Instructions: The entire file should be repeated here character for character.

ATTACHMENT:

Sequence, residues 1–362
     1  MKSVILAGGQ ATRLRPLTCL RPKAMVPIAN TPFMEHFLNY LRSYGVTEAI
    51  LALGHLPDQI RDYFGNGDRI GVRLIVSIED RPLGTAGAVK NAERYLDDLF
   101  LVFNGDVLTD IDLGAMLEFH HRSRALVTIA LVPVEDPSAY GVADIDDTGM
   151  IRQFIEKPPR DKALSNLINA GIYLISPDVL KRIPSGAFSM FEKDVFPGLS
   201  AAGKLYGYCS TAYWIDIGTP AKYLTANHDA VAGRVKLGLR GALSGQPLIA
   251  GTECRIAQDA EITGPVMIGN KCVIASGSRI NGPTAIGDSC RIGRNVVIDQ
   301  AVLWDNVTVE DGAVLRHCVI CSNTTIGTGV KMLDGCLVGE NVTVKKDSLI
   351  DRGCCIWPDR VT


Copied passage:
Sequence, residues 1–362
     1  MKSVILAGGQ ATRLRPLTCL RPKAMVPIAN TPFMEHFLNY LRSYGVTEAI
    51  LALGHLPDQI RDYFGNGDRI GVRLIVSIED RPLGTAGAVK NAERYLDDLF
   101  LVFNGDVLTD IDLGAMLEFH HRSRALVTIA LVPVEDPSAY GVADIDDTGM
   151  IRQFIEKPPR DKALSNLINA GIYLISPDVL KRIPSGAFSM FEKDVFPGLS
   201  AAGKLYGYCS TAYWIDIGTP AKYLTANHDA VAGRVKLGLR GALSGQPLIA
   251  GTECRIAQDA EITGPVMIGN KCVIASGSRI NGPTAIGDSC RIGRNVVIDQ
   301  AVLWDNVTVE DGAVLRHCVI CSNTTIGTGV KMLDGCLVGE NVTVKKDSLI
   351  DRGCCIWPDR VT